Network News

X My Profile
View More Activity

Report: Cyclists link Lance Armstrong, team to 'systematic doping'

Lance Armstrong's self-described cycling "comeback 2.0" ended when he failed to win his eighth Tour de France last month, but doping allegations continue to intensify around him.

Officials for the Federal Drug Administration have stepped up their investigation, according to a New York Times report. Among those they've spoken with are former cyclists who, Juliet Macur and Michael S. Schmidt write, "have supported and detailed claims that Armstrong and his former United States Postal Service team participated in systematic doping, according to a cyclist who has been interviewed and two others privy to the inquiry."

Reached Wednesday in Denver, Armstrong told the Associated Press said he had no comment. As allegations surfaced during the Tour de France, however, he said he would deny doping "as long as I live."


Floyd Landis, a former Armstrong teammate with USPS, admitted in May that he used performance-enhancing drugs for most of his career and criticized Armstrong and other USPS teammates in a Wall Street Journal story on the eve of the Tour de France. Landis won the Tour de France in 2006 but was stripped of the victory and banned from the sport for two years because of a positive drug test. He has implicated a number of other cyclists, including George Hincapie, Levi Leipheimer and Dave Zabriskie.

Armstrong has questioned the credibility of Landis, but associates continue to be interviewed. FDA special agent Jeff Novitzky, who led the Bay Area Laboratory Cooperative investigation, is leading this investigation. BALCO's owner, Victor Conte, reached a plea deal on conspiracy and money-laundering charges, gold-medalist Marion Jones served time in prison and Barry Bonds, baseball's home-run king, is awaiting trial on perjury charges.

Federal prosecutors, led by Doug Miller, are working closely with the U.S. Anti-Doping Agency on the investigation, according to the Times, and on Monday, Armstrong's attorney, Tim Herman, criticized the investigation, saying USADA is offering "sweetheart deals" to any athlete who will testify or provide information about Armstrong.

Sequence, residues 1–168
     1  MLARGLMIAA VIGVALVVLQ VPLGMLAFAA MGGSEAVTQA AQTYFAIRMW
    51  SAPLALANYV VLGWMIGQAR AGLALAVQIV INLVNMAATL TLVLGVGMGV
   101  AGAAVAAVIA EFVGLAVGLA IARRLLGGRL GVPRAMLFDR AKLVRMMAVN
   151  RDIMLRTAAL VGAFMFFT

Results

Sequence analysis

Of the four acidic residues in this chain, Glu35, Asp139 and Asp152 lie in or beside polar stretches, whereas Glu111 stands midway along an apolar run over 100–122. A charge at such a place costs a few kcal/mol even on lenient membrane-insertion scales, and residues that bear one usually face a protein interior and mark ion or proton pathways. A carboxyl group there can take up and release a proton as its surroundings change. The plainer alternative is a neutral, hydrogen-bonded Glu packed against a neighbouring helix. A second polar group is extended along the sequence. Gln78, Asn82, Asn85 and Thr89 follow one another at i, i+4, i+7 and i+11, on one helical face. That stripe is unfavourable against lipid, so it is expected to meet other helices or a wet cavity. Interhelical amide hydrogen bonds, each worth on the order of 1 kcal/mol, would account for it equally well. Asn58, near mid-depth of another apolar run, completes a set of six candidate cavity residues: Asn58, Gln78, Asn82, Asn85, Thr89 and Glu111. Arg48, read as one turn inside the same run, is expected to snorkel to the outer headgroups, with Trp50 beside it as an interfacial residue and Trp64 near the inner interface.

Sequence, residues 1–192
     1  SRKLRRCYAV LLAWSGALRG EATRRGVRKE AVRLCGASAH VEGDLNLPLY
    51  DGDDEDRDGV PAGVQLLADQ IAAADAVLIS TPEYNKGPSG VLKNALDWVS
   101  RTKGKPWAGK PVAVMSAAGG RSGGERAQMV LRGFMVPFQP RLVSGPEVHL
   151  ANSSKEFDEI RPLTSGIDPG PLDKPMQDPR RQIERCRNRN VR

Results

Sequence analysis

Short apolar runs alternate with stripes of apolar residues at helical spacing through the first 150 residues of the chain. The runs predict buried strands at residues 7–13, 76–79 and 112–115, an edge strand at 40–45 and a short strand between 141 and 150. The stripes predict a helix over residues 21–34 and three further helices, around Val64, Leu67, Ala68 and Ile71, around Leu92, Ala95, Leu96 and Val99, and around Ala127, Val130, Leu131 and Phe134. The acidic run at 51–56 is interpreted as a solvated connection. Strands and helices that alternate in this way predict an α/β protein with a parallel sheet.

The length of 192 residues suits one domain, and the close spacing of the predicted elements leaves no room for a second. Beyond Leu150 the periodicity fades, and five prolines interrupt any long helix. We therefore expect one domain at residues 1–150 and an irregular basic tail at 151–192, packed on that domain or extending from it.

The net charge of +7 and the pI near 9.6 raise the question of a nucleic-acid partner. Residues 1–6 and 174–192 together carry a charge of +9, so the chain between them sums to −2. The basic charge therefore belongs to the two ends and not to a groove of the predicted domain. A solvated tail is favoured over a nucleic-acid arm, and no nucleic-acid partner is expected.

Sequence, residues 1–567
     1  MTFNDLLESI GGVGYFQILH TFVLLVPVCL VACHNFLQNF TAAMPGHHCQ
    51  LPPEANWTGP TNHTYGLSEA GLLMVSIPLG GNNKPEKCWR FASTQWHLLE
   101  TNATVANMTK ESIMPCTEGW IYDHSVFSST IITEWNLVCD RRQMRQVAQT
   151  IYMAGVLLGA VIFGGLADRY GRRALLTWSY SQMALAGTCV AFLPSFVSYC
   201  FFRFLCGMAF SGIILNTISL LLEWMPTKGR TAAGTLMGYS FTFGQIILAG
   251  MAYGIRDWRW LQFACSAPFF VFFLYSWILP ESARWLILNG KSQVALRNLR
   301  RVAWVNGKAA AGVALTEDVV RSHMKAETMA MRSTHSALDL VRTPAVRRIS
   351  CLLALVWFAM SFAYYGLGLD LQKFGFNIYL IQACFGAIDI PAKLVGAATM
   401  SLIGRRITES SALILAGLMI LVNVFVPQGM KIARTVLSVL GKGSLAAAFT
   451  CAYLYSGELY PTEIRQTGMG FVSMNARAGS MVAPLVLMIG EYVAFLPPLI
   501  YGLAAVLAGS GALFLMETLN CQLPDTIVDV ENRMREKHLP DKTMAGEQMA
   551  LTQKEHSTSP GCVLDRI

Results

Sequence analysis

"A rider who has doped, they tell them, 'If you can finger Armstrong, we'll get out the eraser ... and everything is cool,'" Herman told the Associated Press. He alleges that USADA is offering reduced bans and other incentives to athletes in exchange for information.

A USADA spokesperson refused to comment because theinvestigation is ongoing.

By Cindy Boren  |  August 5, 2010; 6:15 AM ET
 
Save & Share:  Send E-mail   Facebook   Twitter   Digg   Yahoo Buzz   Del.icio.us   StumbleUpon   Technorati   Google Buzz   Previous: Alex Rodriguez hits home run No. 600
Next: Shaq signing with Celtics makes a winner out of David Stern

Comments

While it may come out that positive screens are stored somewhere, LA is the most tested professional athlete in history. Where are the positive results and why haven't they been publicized? This article and all those this year are nothing more than allegations. Linking L.A. to baseball to other professional sports? Just shows that at that level the motivations are very powerful!!

Posted by: sathiele | August 5, 2010 7:13 AM | Report abuse

Armstrong is a cheat and a fraud.